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Lethbridge Herald Newspaper Archives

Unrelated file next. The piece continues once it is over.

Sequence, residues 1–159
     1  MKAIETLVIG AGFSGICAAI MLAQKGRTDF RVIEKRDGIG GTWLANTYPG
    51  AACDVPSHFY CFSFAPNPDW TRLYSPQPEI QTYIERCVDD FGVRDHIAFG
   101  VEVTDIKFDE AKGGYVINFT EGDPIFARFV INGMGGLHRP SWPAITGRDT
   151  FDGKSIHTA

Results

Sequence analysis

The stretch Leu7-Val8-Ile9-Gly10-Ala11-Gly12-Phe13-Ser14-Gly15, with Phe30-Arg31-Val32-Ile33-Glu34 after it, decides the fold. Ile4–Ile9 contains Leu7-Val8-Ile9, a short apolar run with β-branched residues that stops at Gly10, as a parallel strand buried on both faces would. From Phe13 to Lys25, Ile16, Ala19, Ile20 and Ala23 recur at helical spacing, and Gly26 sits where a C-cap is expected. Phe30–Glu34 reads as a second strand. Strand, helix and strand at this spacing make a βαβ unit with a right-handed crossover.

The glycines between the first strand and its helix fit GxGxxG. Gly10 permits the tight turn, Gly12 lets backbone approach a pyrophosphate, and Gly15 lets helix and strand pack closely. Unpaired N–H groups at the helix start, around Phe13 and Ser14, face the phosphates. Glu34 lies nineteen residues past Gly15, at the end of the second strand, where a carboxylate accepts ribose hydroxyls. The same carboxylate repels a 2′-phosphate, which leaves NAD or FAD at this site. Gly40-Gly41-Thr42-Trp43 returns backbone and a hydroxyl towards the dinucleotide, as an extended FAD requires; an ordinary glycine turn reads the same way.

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Lethbridge Herald, The (Newspaper) - January 30, 1973, Lethbridge, Alberta Tuitdffy, Jonuory 10, 1973 THE HERAU) Wheat bottleneck strangle U.S. ports By Ltwls M. Phelps, Will Street Journal slafl reporter CHICAGO Railroads are choking on the grain being ship- ped to Russia. The grain-moving problems are going from bad to wo-se, and it's likely the transporta- tion tangle will foul up ship- ment of other products in com- ing months. Among o'.her thir.gs. this could hamper ef- forts to brake fast-rising food prices. An estimated 410.3 million bushels of wheat were sold 10 Pussia under a government ex- port subsidy program: the sub- sidies expire in "May. But with less than five months remain- ing, nearly three-fourths of the Truest is s'-ill sitting in the U.S. (there is no subsidy t'me-'invt for sn additional 223.8 million bushels of wheat. 23 million bushels of feed grains anJ 40 million bushels of soybeans that exporters figure Russia al s o bought, but these shipments are on a tight timetable, too.' The subsidy period may well bs e-vtended. government sour- ces hint. But "it's going to he at least until the end of the year before we get all this grain moved." says an official of a grain-hsuling rai'rosd. "Rail-car shortages, car-ser- vice embargoes, iogiams ard delays portray a bleak picture with no relief in sight." says tb? gTEin-shipmert task force of the National Grain and Feed Association. The task force, which has been monitoring the logistics of massive grain movement for four months, calls the transportation situa- tion "critical" and says it get worse. The grain movement started out behind schedule because the V S. and Russia coy.ldn'i agree on details involving the use of V.S. and Soviet ships, along with third-flag carriers; while the negotiators haggled. grain piled up a', ports a'vsitirs ships. These dctai's wore set- tled in late November, and new there apparently are enough ships In Gulf of Mexico ports, through which most of the grain is moving. C. E. BullockT director of op- erations for the Port of Ho-.is- ton. say serenely that "things are going well' now that ships are available. But tho men who haul and load the grain disagree. "Hail cars are backed up as far as the eye can see'1 al the Houston and Corpus Christi ports, says one exoortcr. Gor- don Randall, an official of the Association of American Rail- roads, says. "We have 10.000 cars tied up at the ports right now, and that's the worst situ- ation we've had in two or three years. We have several embar- goes at Gulf ports right now of the congestion." (An embargo is an order issued tnrough the Association of .Am- erican Railroads either banning or restricting movement of cars to a specific "The port elevators have be- come a weak says David Book Review L. Henderson, director of mar- keting for Illinois Central Gulf Hnilroed. can't mere the prain onto the ships as fast as we can gel it lo thsm. A spokes- man for Continental Grain Co.. the biggest grain exporter to Russia, says tint the eleva- tors are full ard that to expe- dite rail-car movement some cars, are being unloaded direct- ly onto ships, a slow process that the loading. The pileup b3came critical during the Christmas and .New Year's weekends, when port workers didn't work but loaded rail cars kept coming i n. Since Xew Year's, bad weather further ham-ered port op- etations. Ar.d. says ore rr.i'rwd crucial, the forts r-svar.'t been able 10 hire enough switch-en- gine crews and elevator crews to keep the ports busy around the clock. The congestion itself is the rniin impediment, though, ac- cording to Mr. Henderson, "When the ports' tracks get filled up, it's hard to move the cars around at he says. "It's like trying to get around in your own house when you're moving and you have boxes and furniture piled up all over the place.'1 The clogzed ports have slow- ed almost to a halt the move- in snt 01 grain from ccurtry "It's the worst mess I'va seen in the 20 years I've in this business.'1 says V.Ti'srd Clsrkion, traffic man- c'tr of Famers Grain Dealers of. Iowa, a group of 300 coun- Searching for seabed secrets "The Wreck Detectives" by Fenrtrll McDunald (Georre G. Harrap and Company Ltd., Sli, 392 pages, distribu- ted by Claikr. Iiwin ind Com- pany Using the compressed air Aqualung, wreck detectives are exploring the sea. seeking, finding and recording sunken history. This book is about wreck de- tectives and the discovering of sunken ships around the coasts of Britain. Wreck detectives hope that the wealth cf knowledge left en the seabed in the sunken ships can be brought to the surface and documenltd. The author is not cut of his depth. H? this gripping ta'e to marv books, proving (be Parker pen isn't the only instrument used under water. Also from his pen: Fish Watching and Photography; More Than Skin Deep: The Sec- ond Underwater Book: How to Get More Fun from Your Boat: The Wreck Hunters: irg in Britain: and two others which have drier titles. We re-dived on the wreck five times using the same marks, no: missing once, cut since then, on subsequent dives. I have spent up to four hours in hary visibility without findine Now this is pretty heady stuff for readers who are somewhat unaccustomed to crawl ing along the ocean floor. As fcr this reviewer, diving off the !o-.v hoard and exploring the bcttDm of the Fritz Sick Pool produces a murky thrill gcirs down and exploring H.M S. Coronation. JTM.S. Harwich and H.M.S. Exeter, lost to Nep- ture in 16S1. Tiis is what The Wreck De- tectives is all about and it s great stuff. It's best to crawl before wait- ing. Get your equipment and give it a try in the bathtub. Then slip into St. Mary's Dam and find a long-lost grain e'e- vator. Imagine looking fcr wrecks off Vancouver island: Tre r'ic'ogrEDhs are Firerb. He-n's one csp'-lon: "The in- credible sights which mst the eyes of tre City of Deny divers when they located the v.-reck of the Armada ship, La Trini- dad Valencera: guns 'ready to fire' poking out from rocks and ethers lying in bronze splendor on the seabed." They go after everything from Second World War sir- craft, ditched in the sea. to huge saving ship? ijie farnovs tea clipper Norman Court, built in 1EOT. The Norman Court up the fastest lime of the sea- 5" ire i.--n Cij-- to Britain in ?5 days. In March, 1S33, she was driven on rocks by a south-west gale which came howling cut of the Irsh Sea Young Aqualur.s diver Salmon was lured 13 Uie scene by the fascination of seeing the remains of a famous clipper shir.. This is a remarkable book. Eeautifu'ly researched ccnsuTictcd. D'ARCY RICKARD iMi-Cmii Telephmi Sjilia We put our finger on a mlxed-up problem. CONCRETE CASE HISTORY: Gailelli Ccnstruction Materials Limited had what seemed like a very simple problem on ihe fcce o! it! Phoned-in orders lor ready-mixed concrete took too long to transmit from order-'aker 1o dispatcher. The ACT Communications Consultant took nothing for granted, He worked with all concerned. Studied the operation in depth. Identified the problem and proposed Ihe solution. Today, orders (ha( once could take up 10 hours to till can be processed in as little ss90 seconds. Instant Tclescripl transmission of written information between order-taker and dispatcher has solved problems c! walking, lost time and lost orders. Whatever ________________________ your business, it makes good sense to talk with an AGT Communications Consultant, His in-depth study costs nothing. A And it can moan greater efficiency and a better g f profit picture lor youl try elevators. "One ol our ship- hasn't moved out his Oc- tober orders vet. and another Eeys he received only three cars during al] of December. We're all short cars and behind on our shipments." That's ex- pensive, because substantial discounts of tiro cents a bushel or more are made on delayed grain shipments. "We're grabbing anylhiag we can get our hards on coal cars, baggage cars, amthin? Ihdt mV. hold a bushel of grain." says Mr. Clark'.oD. To help alleviate the car- Ehortage problem, the Inter- siste Commerce Commission this mon-Ji authorized railroads ID U5e oTsen-hoprer cars ur> elly ured b hauling coa! for grain at the same fares charg- ed for the larger covered-ho> per cars. There are about 20.000 ocen-hoppers available, but they have to be cleaned and in seme cgses repaired so fhst grain won't leak out the bot- toms. Mr. Henderson isn't so sure the will be that beneficial, aaj-sray. "Thev would the short- age at the cour.try elevators briefly, but then the cars would jvst go doira to the ports and sit. arxl tte cour.tn- e'erawrs would be back 10 the same problem." he says. "In addi- tion, the extra cars would cause that much more congestion the ports'' He say; the COE- ges-ion has caused tre aver- age turnaround of cars on his railroad from country elevator to pen and bsck to the ele- vator to increase frcm 10 days a month ago to about ]5 dsvs rjir, seme cars are taHng 20 days or mtre to make fce circuit, he adds. Scottish in one easy lesson By Eva Brensipr, free-lance writer Talk with a Communications Consultant. Edmonton: 425-2110 Calgary: 261-3111 Other: Dial '0' (Zero) End ask forZenilh 33000 [loll free) life of ore-vhorpe-s they're tightlv covered with can- vas, the grain in them is sub- ject to rain and snow damage. Officially. rai1roads say they are covering the hoppers, but -_j soms admit some ano r gra'n is exposed. To relieve the pressu-e on the Gulf ports, some grain is being shipped from Norfolk and Philadelphia and from Wesi Cosst ports. In the spring, grain can bk shipped from Great Lakes ports as well. Not aD ports have enough grain-stor- age facilities to be helpful, though. In the three months or so that remain until the Great Lakes oren up, several factors threat- en to worsen the rail-car and the bottteaeck at I'-e Gulf ports. One factor is tve recent government decision to sell federal grain stocks in effort to stem rising grain prices. "Shippers generally felt that (these) movements wo-jld only further congest and pro- lone the export problems." says a recent report of the National Gram arid Feed Association's force, which is made up of railroads, counnry el- ectors and government offi- cials. Another potential problem is a cutback on fuel for diesei lo- comotives. Oi! companies have been cutting the fuel oil to in- sure supplies of home heating oil. The fuel cutbacks "aren't c-itica! yet. but they're scaring the hell out of everybody." one railroad official says. Prolonged cold could slow the grain move- mer.t to a crawl, railroad men A wprsering situatiim L- the movement could affect f'r.lpmeit of ether gccds. Of im- concern is the ship- ment of fertilizer for sprmg Fertilizer ususllV is carried cars, which currently are tied uo in t'r-' movement. "Ferttlir- r.ormsliy starts moving ui eariv February, but 1 (lo-.'t see ho--v it can this year." say? s M-.V'vrs: rail executive. "The stluation nil! be criu- e.-; yesr." If farmers don't get -Jieir fer- tilirer in thev micht not lv able to boost as ntu'h as the eevemnen: svould 1-kr. wMch is. a key elemer.t in t'v Nixor. adniinistralior.'s effort to slo-.v the increase in foiH1 prices. congestion also uv.pmaiion'.l "Tne cotv toncage off ru.-rket. so rates are inipmv. ins and the market is very I'rm K of Ihe B-lwre unerr.stiona] shippinc ar- are mftde. Meanwhile, exporters are ntvut the mission of a Kiist.ian rrado delegation that expivted to arrive in the V S. this week. Some ovjponers think the. Soviets are coming to complain about the delayed s'.iipnnMils. while others think want lo buy more I'.S. grain There have Ixvn rorons thjit bsd wr-alher is hurting the Soviet ovps planted last laU. Tho Guli ffectir.i: COUTTS Early in January in a weak moment. 1 confided in this column thai my husband "breaks out into the broad- est Scottish dialect you ever heard" when my shopping sprees get him down. "Apart from calling you a 'footer', v.hat else does he 5-ay at such moments of letters, pouring into my mail box. enquired. Some writers wanted to hear same more 'sophisticated' Scottish express- ions. Others remembered par eras and grand- parents use v.orc'6 they didn't know the meaning of and asked to be enlight- ened, tee lady is compiling a list o! woras and a man wrote: "Please don't be bashful and teD me more. I am collecting foreign curses." If it took a long time to answer those questions. I hope I'll be forgnen be- cause, when I am enjoying myself. I have the dubious gift of being able to shut my ears to anything that might mar my pleasure. In order to discover what he really comes out with, I had to take my shuppLcg again and that, be- lisve me. took some persuasion. However, when he finally eadulged my whim, we both gamed by that experience. I heard enough to compile a Scottish dictionary in the interest of word-hunters and he is happily convinced I'll never again ask him to go shopping with me. We had orly just driven into the car park of a shopping mall when another car cut across st some speed, barely avoiding DUT front feeders. "Ye nowt" my husband yelled at him. "Stupid fellow.'1 said ihich. he told me, means the same thing. To get over this fright we made a ''bee-iir.e" for the restaurant. There, over a CLP of tea. my husband got inio con- versation with a lady, also a Scot. "TagEE-bogle." they said almost sun- ultanec.usiy. sliakkg their heads over a young man at the next table. He did loofc somewhat seedy with his lone, stringy, unkempt dirry. tattered ehirt and torn, faded jeans. "He probably can't help it." I remarked, but he is a bit of a Ecare-crow.'' "That's what we just said, s laitie-bogle." the lady enlightened me. "Yon i untidy person) would frigiten the daylights cut o' me if I met him in the dark." sx added shuddering. "Well, I better take traipsie' to yon supermarket." she said, pointing to the other end of the mall, i A traipsie is a short trip as from one store to another or one farm to the nexi. i "Cold iro2.'' sire whispered and I thought she was going to faint. A minister in clerical clothes hid just passed her. is wrong wiii 1 asked my husband. "You should knaw.'' he said, "haven't you met enough of the people in clachLns to have heard their supersti- Tisy cldrc a 'cold iron' a spell is put on them when meeting a minister on the way to work for instance. ''Clscriac? Whit's "Ycrj are ig- norant." returned my husband, "that is small house among tie heather.'1 We hadn't even stoned shopping ye; and he was al- ready getting impatient. Yet when we did get down to it, I was again mesmerized with shelves upon shelves of temputiom so hard to resist. I forgo; rcy husband was Trailing till I hcird him say compas- sionately: did I turned round and rlvre was a man loaded with parcels following his wife pushed four 5m dl children in an otherwise empty si-roping can.. "Trua'. an a poor eoul.'' my husband explained impadentlj1 and, by DO-, usnecessarily. I ccrjJd see yhat be was geSiag El. A lou-dspeakei' was now announcing m- Ecvertised that could be bough' in the store during lie next half hour. "Buy, buy. buy." my husband sneered, "they scun- ner me Of course, you haven't heard that word eii-er in all your yesn in Sootlard? Let me translate: Scunner means QiEgUS." "Give me a to live in time. You wouldn't wmi v} look ail that furni- ture, pots. carper md pictures. You wouldn't have anywhere to pu: it." I couldn't but agree him for t bothie is a little one-room bjuse to'os- ing fishermen b Err-iland. "Footer." he said a'. !asi. "Lex's go. Yon have wasted enough time. We'll wmetlirnE to and gn to E show." Ws left and Ins English has been impeccable ever since. Th; gentleman n-ho collects "foreujn curses" will be disappointed but I could have told him a; the beginning: Even U roused, rr.y husband never curses or swears ifi Srptlisi or anv other langusga ind I do love him for thit. Report to readers Walker What's the holdup? Occasionally fi loner writer nil] be-ar liis or her offering to The Herald editorial offices seekiEE! assurances that it will be published m that dsy's paper. Surprise is usually regisierwi voen ihe writer is told h'ji iener is too no', only for Lhsl day but ior the iwvi a.s ivell. I'd like to to then, why some things in the paper Lhe day they happen while o'J-.er ihirs? take longer. It require mere people arci more employed only st peak pcrirxis to produ.'e a paper in aJl pKgc? had the ?ame curreacy. Economics ddclaie mat some psces shimld be processed in the afier- r.-xr, for rest day because i-hai and machlTcs 10 be bus} con- Obviousl> the ne-.ii pages to be assembled in the mrmir.E jus: ahoad nf tlie noon press tune u-M.e >uch as rrJioriaJ wee rar be rlparcd earlier. rnfortiinaie'.y. this means that comment OT-L the news p.imos; never coincides wriLh oricinfil reporur.c. Tne relecatjon of the o: ihe page to the aJicnioon does not niwn a l.iior.esj of one nay but ;wo. VTien 's pape is pu; loce'.her on Tuesday afternoon the material lias to be sianed P.I the into iype on Oftrr more TC- iVe Ihrri just IJiose "wo days eate-n by proriuclin'.i. fa'.'. Uic copy no: locally c.inio by -isil. jonir pace iv.alerial movw win? fit tiiphi Bui nivvi of [Jv oonimontan' comes hy mail is subject to som? uncertainty ir, Ay, odJ of Uio m.iil service lias lo do vilh the delivery of Uic column Avrilio.n by Joseph KraJt. Tho column is uniicn la Washinpton usually and then transmiried to the Chicago office of it is mimeo- graphed au-maiiea 10 subscribers. Occasionally I rc-ad the coluirj] in the Paria International Herald Tribune before Lhe pcipv Iron1, CrJcaeo reaches my desk, it snoulc take longer for a jelier to come from ChicsEo tr.ar, from Ffcris is something iha; me. Material a cay or tro Jo Arrive by means iha: co-nmenisry on Ihe eduoria; pare is ihs; much furUwr re- moved from ihe news happeTunp. Tr.us the ropy thai is rvri c-u; or. Mpnday for in- clusion on ;iie pace may been TniL-sc-iy or Friday of the ser.t to the paper my cask on to Tre iha: reaches have wnt- parlies! i: csn 20: ;he p.-pe is Wed- r.csdtay. Bu: whether it into the "Wed- read ay pace depone? on mar.y letters Lhere are and their No riiscriinin- a'aon is n the of which lei'.ers ce: first. Tney are a'.l pu; out :hey are if they tre approved the eo.itor and the- they are iittM into ;hr spare ass.raed or are used as fillers. create special problems for a pace ixiiior tx-'.'.iusf :bere is no L're-.r or their lenpv 1 try in sv.v.d letters de- layed too ior.c bv a list w.th the date of .iriri the make- men '.o in if up in r.ia be expc.-tod. I anticipalf She lonal pace be advanci-d a: !e.w a (ia> iv wv Any re o: course, thfll no: by viil sidJ be lale b-.it no: AS x< now. ;